KUALA LUMPUR – In a bid to stabilise the volatile ringgit, Bank Negara is expected to maintain precautionary measures to ensure proper price discovery.
The central bank will also curb speculative activity in the offshore market which has driven the currency far off from its fundamentals.
It is learnt that banks have been told to disclose price quotes as soon as currency trading begins today to facilitate orderly trading and prevent a recurrence of last Friday when they were unable to disclose foreign exchange prices for a large part of the day.
However, there will be close scrutiny to ensure there is no abuse of the US dollar-ringgit transactions. Towards this end, the central bank said in a statement yesterday that banks must not facilitate trades that could be related to offshore ringgit market activities which it does not recognise.
“The Malaysian foreign exchange (FX) market remains open and Bank Negara stands ready to provide liquidity if necessary to ensure orderly market. Malaysia continues to welcome real investments and provide all avenues for FX transactions and hedging requirements onshore,” it said in a statement.
This is expected to provide relief for those having apprehensions on US dollar transactions done.
According to several currency dealers, there was confusion last Friday as local banks were told by the central bank to follow last Thursday’s onshore closing rates of RM4.29 in their transactions. Only very late in day was the exchange rate fixed at RM4.34 against the dollar.
Additionally, banks were also told not to provide US dollar-ringgit quotes to their offshore counterparts, something that added to the confusion. It led to to very little US dollar-ringgit trades done last Friday.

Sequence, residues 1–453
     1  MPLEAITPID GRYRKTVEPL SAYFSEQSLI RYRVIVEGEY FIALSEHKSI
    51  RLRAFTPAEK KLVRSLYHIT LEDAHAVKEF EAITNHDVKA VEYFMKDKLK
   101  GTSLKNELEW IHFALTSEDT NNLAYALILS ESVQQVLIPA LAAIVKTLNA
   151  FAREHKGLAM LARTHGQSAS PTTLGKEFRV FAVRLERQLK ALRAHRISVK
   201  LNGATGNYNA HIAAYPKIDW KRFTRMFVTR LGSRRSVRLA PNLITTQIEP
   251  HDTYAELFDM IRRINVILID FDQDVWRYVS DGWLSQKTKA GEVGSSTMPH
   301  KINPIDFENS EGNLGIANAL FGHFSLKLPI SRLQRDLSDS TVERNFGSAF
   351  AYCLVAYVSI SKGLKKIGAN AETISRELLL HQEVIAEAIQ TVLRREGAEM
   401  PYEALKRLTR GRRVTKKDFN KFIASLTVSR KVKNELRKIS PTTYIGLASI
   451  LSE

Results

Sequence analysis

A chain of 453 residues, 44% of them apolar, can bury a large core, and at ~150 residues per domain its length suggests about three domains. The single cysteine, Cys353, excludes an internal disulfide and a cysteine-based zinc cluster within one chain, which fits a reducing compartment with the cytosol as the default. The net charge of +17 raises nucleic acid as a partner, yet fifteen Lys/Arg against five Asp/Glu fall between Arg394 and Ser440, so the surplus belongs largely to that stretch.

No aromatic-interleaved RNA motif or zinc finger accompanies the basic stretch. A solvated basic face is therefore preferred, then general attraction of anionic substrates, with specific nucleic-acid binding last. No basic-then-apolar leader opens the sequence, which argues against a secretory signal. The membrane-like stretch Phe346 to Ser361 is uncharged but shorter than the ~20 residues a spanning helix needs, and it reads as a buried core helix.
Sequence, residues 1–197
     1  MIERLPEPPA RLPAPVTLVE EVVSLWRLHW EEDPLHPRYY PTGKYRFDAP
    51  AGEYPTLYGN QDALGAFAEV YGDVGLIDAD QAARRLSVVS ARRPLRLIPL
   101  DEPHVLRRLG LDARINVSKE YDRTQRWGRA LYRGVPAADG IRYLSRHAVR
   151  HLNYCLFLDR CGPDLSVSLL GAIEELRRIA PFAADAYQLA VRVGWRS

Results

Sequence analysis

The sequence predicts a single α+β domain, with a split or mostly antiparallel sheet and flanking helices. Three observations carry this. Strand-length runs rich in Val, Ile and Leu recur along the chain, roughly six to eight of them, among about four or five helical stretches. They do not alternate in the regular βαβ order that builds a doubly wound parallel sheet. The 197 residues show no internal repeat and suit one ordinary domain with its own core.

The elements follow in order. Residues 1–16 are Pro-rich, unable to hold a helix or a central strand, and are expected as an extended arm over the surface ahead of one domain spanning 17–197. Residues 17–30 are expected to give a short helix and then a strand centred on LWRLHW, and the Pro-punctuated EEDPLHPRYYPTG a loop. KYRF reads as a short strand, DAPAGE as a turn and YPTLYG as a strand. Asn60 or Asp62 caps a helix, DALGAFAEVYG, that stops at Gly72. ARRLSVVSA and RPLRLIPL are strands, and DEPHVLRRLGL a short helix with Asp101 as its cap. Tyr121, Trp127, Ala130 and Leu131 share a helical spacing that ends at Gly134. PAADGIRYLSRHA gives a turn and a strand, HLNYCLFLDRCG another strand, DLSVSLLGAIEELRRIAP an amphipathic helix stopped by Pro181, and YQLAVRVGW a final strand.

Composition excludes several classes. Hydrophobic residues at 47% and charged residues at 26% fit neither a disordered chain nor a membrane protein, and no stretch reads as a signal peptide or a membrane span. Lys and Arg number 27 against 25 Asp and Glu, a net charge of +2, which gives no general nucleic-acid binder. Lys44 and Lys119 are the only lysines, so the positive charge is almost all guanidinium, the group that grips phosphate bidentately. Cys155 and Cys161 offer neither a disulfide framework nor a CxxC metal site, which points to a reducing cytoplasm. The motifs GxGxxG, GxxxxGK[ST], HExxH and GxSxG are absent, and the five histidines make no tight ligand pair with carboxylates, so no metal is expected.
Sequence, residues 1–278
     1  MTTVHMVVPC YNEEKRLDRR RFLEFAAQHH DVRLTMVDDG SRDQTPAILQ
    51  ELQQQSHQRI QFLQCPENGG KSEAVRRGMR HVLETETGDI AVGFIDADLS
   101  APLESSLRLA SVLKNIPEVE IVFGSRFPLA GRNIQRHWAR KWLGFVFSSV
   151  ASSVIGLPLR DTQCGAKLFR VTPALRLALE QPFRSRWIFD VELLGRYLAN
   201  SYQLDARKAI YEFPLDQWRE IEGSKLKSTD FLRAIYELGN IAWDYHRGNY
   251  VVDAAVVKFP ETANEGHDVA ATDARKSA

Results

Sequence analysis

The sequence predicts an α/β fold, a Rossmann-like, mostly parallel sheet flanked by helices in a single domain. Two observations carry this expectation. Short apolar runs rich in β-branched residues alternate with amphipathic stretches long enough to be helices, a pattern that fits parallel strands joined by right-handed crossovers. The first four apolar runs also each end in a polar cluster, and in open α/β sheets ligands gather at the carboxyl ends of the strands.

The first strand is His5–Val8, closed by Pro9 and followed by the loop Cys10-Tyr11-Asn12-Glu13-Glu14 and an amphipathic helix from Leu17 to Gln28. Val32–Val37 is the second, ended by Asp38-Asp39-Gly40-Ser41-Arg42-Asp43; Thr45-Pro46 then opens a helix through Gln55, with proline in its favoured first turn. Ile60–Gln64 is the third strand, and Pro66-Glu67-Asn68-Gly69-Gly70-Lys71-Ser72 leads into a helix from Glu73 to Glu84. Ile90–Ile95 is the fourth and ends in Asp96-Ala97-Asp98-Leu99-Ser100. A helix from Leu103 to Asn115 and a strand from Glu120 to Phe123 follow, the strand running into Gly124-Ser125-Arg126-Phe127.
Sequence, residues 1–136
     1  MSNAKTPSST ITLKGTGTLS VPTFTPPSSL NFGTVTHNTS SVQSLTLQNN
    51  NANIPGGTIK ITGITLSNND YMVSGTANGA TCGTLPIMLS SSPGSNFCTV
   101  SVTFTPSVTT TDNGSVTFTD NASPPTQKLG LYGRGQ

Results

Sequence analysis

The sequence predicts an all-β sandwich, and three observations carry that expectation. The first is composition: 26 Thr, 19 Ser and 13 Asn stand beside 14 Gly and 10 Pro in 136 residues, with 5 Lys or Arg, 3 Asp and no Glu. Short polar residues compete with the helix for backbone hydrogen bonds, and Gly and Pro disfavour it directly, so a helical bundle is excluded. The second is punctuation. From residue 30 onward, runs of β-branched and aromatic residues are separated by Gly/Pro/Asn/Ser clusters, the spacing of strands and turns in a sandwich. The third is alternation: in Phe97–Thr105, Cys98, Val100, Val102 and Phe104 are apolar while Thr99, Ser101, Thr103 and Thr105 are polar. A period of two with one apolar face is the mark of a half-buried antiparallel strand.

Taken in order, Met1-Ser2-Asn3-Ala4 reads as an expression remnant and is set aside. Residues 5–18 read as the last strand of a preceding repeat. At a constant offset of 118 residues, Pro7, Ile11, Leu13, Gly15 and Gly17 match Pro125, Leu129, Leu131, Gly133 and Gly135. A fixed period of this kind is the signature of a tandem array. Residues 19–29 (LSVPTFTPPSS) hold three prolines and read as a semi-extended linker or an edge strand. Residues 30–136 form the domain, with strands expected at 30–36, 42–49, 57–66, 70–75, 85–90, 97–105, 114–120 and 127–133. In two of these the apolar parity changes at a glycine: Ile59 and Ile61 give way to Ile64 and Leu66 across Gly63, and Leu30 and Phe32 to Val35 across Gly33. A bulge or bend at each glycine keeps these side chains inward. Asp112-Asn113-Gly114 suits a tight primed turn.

It is learnt that the restrictions by Bank Negara came after it saw high volatility in the US dollar-ringgit exchange rate in the offshore market that is known as the ringgit non-deliverable forward (NDF) market.
Dealers tend to observe the offshore rates in the early trading session for clues on how to price the US dollar against the ringgit until the official exchange rate is published by 3:30pm. Offshore US dollar-ringgit rates, as indicated by the one-month ringgit NDF, went as high as RM4.535 against the dollar before settling down at RM4.4865.
The figure represented a large spread over onshore rates, which were the official rates – priced at RM4.3418 against the dollar last Friday.
Governor Datuk Muhammad Ibrahim had reiterated that there would be no pegging of the ringgit and stressed that the currency’s pricing should not be influenced by speculative positioning in the NDF market.
For the past two years, the ringgit had been weaker against the US dollar in the offshore market compared with the onshore market, indicating bearish sentiment going forward.
However the ringgit is not the only emerging market currency that had come under pressure.
Currency markets across the globe were hit hard last Friday by the sudden appreciation in the US dollar which triggered a major sell-off in the emerging markets.
On the same day, the rupiah fell to a five-year low as its central bank was forced to intervene in the markets. Meanwhile, the People’s Bank of China set its reference rate for the yuan at a lower rate of 6.8115 versus the dollar, the lowest in more than six years.
The global sell-off across asset classes in emerging markets was an immediate reaction to Donald Trump’s shock win during the Nov 8 US presidential race.
Trump planned a US$1 trillion spending on infrastructure – something the president-elect felt would create thousands of new jobs and result in a revival of the US economy.
The measures are expected to increase inflation in the coming years forcing the US Federal Reserve to raise interest rates.
The prospects of such an event were priced in by investors who sold US Treasury bonds throughout last week. The yield on the benchmark bond rose to 2.15%, or a large move of more than 40 basis points in the two days following the election results.
Closer to home, yields on the 10-year Malaysian Government Securities rose to 3.94% last Friday, or a move of 27 basis points in just two days.
“The ringgit and other emerging market currencies will continue to play hostage towards the US dollar strength and rising US rates as the market digests Trump’s speeches and actions.
“Ultimately the onus would be on global central banks to respond to the threat posed on their currencies as the year draws to a close and market liquidity worsens,” according to Affin Hwang Research in a Nov 11 note.